In that role and other capacities, including years volunteering and working at the National Underground Railroad Freedom Center, Dr. Schmidt has developed an extensive record of public history work—in research and interpretation; museum education and exhibition development; digital media; archival collections and conservation; development of walking tours; and work with high school and college educators and students. Kelly will not only greatly enrich the research insights and project scope of the WashU & Slavery Project, but will also help advance our efforts to position WashU as a key partner in this important work of commemoration and reckoning in our region, through collaboration with academic and other institutional and community partners.

Dr. Schmidt’s appointments are formally in CRE2 and the Department of African and African-American Studies, but she will engage with various academic units and work closely with the libraries and museum, through project-related research, teaching, and creative work. Her time will be split between work on the WashU & Slavery Project and continued development of her scholarship on enslaved communities in the Ohio and Mississippi Valleys, the focus of a book project tentatively titled “Their Earnest Desire to be Free”: Enslaved People, Jesuit Masters, and Negotiations for Freedom on American Borderlands, 1823-1930.

WashU & Slavery Organizing Committee

Geoff Ward

Director, WashU & Slavery; Professor of African and African American Studies; Sociology (Affiliate); American Culture Studies (Affiliate)

Histories of Racial Violence, Legacies, and Reckonings; Visual Redress; Youth Justice; Policing and Courts

William Acree

Co-director, CRE2; Professor of Spanish; American Culture Studies (Affiliate) and Performing Arts (Affiliate)

Latin American Cultural History; Popular & Material Culture; Global Street Cultures; Public Space & State Formation; Afro-Latin America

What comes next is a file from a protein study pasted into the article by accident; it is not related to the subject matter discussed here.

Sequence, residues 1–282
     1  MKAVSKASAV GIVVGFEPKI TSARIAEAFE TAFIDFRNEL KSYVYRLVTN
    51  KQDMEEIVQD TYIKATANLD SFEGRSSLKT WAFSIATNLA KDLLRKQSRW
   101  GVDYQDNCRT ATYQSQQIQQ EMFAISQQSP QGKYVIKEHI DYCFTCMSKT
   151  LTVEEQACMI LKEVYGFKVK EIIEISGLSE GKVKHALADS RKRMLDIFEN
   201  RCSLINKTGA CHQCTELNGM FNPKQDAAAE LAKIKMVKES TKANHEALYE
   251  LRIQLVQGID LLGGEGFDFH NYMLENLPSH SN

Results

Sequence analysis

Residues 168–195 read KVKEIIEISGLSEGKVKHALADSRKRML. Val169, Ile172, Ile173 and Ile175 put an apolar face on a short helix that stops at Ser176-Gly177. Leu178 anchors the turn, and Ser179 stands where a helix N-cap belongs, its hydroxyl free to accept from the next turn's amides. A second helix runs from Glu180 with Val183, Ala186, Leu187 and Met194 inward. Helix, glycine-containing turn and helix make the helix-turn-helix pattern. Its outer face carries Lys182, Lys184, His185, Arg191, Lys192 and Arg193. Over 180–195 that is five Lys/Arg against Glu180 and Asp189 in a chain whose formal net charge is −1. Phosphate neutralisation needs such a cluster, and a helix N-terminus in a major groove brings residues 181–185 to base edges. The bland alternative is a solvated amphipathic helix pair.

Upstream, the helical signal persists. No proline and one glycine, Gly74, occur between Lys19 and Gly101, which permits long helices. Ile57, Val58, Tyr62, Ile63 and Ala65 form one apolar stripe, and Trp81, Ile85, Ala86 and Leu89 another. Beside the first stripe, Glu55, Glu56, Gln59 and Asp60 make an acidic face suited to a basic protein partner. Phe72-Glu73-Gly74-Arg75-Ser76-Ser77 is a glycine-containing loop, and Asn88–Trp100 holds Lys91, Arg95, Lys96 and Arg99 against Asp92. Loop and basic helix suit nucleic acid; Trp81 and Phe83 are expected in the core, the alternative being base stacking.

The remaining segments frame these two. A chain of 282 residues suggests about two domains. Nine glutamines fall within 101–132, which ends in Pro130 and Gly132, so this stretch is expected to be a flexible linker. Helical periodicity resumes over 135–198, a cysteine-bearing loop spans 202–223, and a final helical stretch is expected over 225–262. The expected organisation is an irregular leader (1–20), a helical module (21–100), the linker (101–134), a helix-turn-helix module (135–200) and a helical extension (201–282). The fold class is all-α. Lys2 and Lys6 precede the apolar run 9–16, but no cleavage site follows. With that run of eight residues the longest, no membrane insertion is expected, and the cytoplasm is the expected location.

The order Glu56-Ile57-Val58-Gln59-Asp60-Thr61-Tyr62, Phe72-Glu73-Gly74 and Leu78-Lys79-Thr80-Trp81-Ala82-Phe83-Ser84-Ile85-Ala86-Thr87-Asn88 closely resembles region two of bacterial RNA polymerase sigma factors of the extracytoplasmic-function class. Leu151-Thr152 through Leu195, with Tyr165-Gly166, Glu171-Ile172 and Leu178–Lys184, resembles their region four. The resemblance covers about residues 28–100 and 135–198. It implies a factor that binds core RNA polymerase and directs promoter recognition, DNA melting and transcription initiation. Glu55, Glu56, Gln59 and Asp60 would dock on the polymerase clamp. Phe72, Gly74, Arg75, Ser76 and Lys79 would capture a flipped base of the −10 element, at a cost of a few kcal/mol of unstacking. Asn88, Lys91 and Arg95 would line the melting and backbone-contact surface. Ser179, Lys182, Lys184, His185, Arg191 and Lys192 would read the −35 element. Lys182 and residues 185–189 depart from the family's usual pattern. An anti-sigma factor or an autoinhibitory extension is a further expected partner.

Iver Bernstein

Professor of History

Slavery and Emancipation; African American Political Culture; Democratic Movements; Structural and Sexual Violence; the US Civil War; Politics of the Slavery Archive; Collective Memory

Elizabeth Childs

Etta and Mark Steinberg Professor of Art History and Chair, Department of Art History and Archaeology

Carl Craver

Professor of Philosophy and Philosophy-Neuroscience-Psychology

Karma Frierson

Assistant Professor of African and African-American Studies

Afro-Latin America; Cultural Politics; Expressive Culture; Identity; Multiculturalism; Popular Culture; Race and Ethnicity

Nadia Ghasedi

Associate University Librarian for Special Collections Services

Academic Libraries; Community Archives; Moving Image Preservation

Harriet Green

Associate University Librarian

Digital Humanities; Scholarly Communications; Data Curation; Leadership; Diversity in Libraries

Peter Kastor

Samuel K. Eddy Professor and Chair, Department of History

Dineo Khabele

Mitchell & Elaine Yanow Professor and Chair, Department of Obstetrics & Gynecology

David Konig

Professor of Law, Emeritus Professor of History

Michelle Purdy

Associate Professor

U.S. Educational Access and Opportunity; Equitable Educational Policies and Practices; Black Students’ Experiences; Archival Research; Oral History; Qualitative Methods

Miguel A Valerio

Assistant Professor of Spanish

Africans and Afro-descendants in colonial Latin America literature and culture
Africans and Afro-descendants in the Mediterranean
Africans and Afro-descendants in Renaissance and Baroque literature and culture
Black confraternities in the Iberian Empires
Renaissance and Baroque festival culture
Funeral rituals among black confraternities
Afro-Latin American literature and culture
The history of race and racism
Identity formation

Helina Woldekiros

Assistant Professor of Anthropology

Ethnicity and foodways, health and human development, historical and ecological analysis, Identity, religion, and mortuary practice, State formation, Sustainable agriculture